One of the ironies I find humorous in life is that both geniuses and idiots need a good drug to quell their anxieties when life's quandaries befuddle them. I mean, life isn't easy for either of them. Today, I read that the FDA is requiring new warnings on the class of drugs called benzodiazepines which include Xanax. You know that new guidelines for prescribing the drug will follow. They say it is often found to be used along with opioids in overdose cases.
And you are not supposed to take it in combination with alcohol.
I just can't agree. All drugs except antibiotics work much better when combined with alcohol. My old girlfriend, who was not drug averse, said that we should not regulate drugs. If people were stupid enough to overdose, good. That is a choice, even when it is a dumb one. I agreed but with the stipulation that the person needed to be over thirty. She just felt we needed to get rid of as many stupid people as we can.
But of course, just when we need them most. . . . And you know those fuckers at the FDA have access to anything they want. They are eating Xanax like gumdrops. They'll change their minds once the masses start shooting in their direction.
I also read this morning that a man died from eating too much black licorice. I'll bet they aren't going to restrict the sales of that, though. But buddy, there is nothing like eating a bag of black licorice when you've been drinking whiskey and taking Xanax. I mean once in awhile, you just need to relax, right?
So I was bragging yesterday about how much better I've been feeling lately. I've struggled for months now, almost half a year, getting tired and just feeling awful. I've hardly had more than half a day's worth of energy in me. But lately, I have felt more like my old self. It could be mental since I've been getting out of the house a little more, getting takeout, etc. So yesterday, after the Xanax and whiskey and muscle relaxer hangover of the night before, I decided to take my cameras to a distant town. Not too distant, no more than half an hour to forty minutes away. I guessed correctly that they had opened up their fabulous Farmer's Market again. There was plenty of sunshine and nothing to do, so as noon approached, I shook off much of my sluggishness and headed out the door.
It was just what the doctor ordered. The streets were fairly full of people, most wearing masks. The many little bars and restaurants were full as they are allowed to be here now in my own home state. We have beaten the Covid pandemic, you see, through non-reporting and an egregious lack of testing. Trump was right, and our governor is a mini-Trump. If you want to party, you can come to the Sunshine State. There are no restrictions any more. But you'd better hurry, I'd guess, because in a couple of weeks we're all likely to be dead. Apparently, we've decided, however, that death is preferable to the life-in-death of not rubbing elbows with fellow infected drinkers at a dirty Covid bar. And in truth, the state will be much more attractive than it was previously, for Covid will kill off most of the aged while leaving the young for another time. And they are beautiful, too, if Country Club College is an indication.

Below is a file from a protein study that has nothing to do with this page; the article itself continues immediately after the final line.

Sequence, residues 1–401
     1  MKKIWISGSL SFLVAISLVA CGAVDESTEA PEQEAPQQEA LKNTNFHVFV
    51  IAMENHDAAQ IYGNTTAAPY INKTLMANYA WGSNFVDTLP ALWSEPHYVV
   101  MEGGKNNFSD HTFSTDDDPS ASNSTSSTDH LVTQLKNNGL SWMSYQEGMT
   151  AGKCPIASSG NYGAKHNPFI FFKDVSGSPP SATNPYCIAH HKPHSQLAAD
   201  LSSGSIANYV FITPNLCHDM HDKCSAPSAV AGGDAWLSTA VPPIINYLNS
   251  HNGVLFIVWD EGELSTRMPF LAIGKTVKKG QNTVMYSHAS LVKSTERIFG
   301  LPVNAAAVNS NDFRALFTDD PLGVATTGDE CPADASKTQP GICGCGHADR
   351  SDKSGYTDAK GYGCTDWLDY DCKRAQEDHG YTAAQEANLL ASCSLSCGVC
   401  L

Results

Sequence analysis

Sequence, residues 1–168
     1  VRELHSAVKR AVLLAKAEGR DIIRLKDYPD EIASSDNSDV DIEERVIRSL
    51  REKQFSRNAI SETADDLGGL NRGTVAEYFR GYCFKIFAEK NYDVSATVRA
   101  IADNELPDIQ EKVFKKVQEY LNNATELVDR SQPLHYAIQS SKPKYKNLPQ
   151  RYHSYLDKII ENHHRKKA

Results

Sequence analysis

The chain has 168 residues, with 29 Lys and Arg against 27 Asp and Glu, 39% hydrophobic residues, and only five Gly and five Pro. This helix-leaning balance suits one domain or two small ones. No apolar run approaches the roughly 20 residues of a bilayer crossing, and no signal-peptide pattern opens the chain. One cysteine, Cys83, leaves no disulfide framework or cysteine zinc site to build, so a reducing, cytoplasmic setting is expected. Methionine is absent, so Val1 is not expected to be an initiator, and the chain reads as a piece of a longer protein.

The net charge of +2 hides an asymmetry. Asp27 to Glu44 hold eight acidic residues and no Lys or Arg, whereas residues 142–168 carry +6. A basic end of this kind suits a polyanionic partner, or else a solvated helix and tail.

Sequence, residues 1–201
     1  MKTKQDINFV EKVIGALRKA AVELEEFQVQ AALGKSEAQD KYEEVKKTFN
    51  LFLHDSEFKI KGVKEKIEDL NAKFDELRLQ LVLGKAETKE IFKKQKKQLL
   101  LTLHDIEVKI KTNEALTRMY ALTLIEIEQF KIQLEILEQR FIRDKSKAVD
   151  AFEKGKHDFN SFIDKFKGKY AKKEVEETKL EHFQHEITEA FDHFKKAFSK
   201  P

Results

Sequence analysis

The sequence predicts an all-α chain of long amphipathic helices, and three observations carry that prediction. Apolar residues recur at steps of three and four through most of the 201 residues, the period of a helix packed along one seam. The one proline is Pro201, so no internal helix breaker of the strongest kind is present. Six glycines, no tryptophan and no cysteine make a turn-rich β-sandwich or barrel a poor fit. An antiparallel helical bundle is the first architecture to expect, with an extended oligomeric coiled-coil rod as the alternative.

But we'll leave that alone for now.
I spent about an hour and a half walking around, wandering away from the crowd for the most part, photographing old buildings and corners of the sky. I walked the nearby neighborhoods where I saw nothing but Trump signs in yard after yard, but the people I talked to were nice enough and didn't seem to want to call the cops on me. I walked through the market, too, and took some photos of the crowd. It was exciting to be in streets that moved with life again, and my new little camera was just the right one to have with me.
The day was hot, though, in the nineties, and after walking in the midday sun, I was sweaty and tired. The market was ending and the crowd was thinning, so I decided to go back to my car and drive back to my own hometown. But not directly. I wanted to meander, to see if I could come upon something that didn't look like everything else, some remnant of individuality, something not of the contemporary commercial mass produced mode.
And so I drove, this way and that, and quite soon, I found myself in what could not be mistaken for anything other than a poor southern black part of town. It was archetypal. As I drove past the basketball courts, there were two cop cars and two cops talking to two black men seated on a cement picnic table. I thought I was cutting through to the highway, but the road did not go through, so I found myself turning down poor streets with treeless, sandy yards and ramshackle houses in much need of paint. There were plenty of fellows without shirts walking on the broken asphalt. I should have put a very wide angle lens on one of my Leicas and gotten down low to the street to take dramatic shots of the scene. I could see those pictures clearly. Oh yea. They would have been great.